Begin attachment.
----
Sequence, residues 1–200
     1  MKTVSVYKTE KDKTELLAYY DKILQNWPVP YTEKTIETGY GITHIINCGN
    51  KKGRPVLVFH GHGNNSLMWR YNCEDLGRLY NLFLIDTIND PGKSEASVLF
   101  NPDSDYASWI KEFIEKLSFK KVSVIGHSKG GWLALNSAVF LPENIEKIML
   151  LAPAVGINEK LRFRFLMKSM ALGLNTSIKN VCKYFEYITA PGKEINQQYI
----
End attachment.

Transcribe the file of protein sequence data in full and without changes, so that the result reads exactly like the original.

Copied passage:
Sequence, residues 1–200
     1  MKTVSVYKTE KDKTELLAYY DKILQNWPVP YTEKTIETGY GITHIINCGN
    51  KKGRPVLVFH GHGNNSLMWR YNCEDLGRLY NLFLIDTIND PGKSEASVLF
   101  NPDSDYASWI KEFIEKLSFK KVSVIGHSKG GWLALNSAVF LPENIEKIML
   151  LAPAVGINEK LRFRFLMKSM ALGLNTSIKN VCKYFEYITA PGKEINQQYI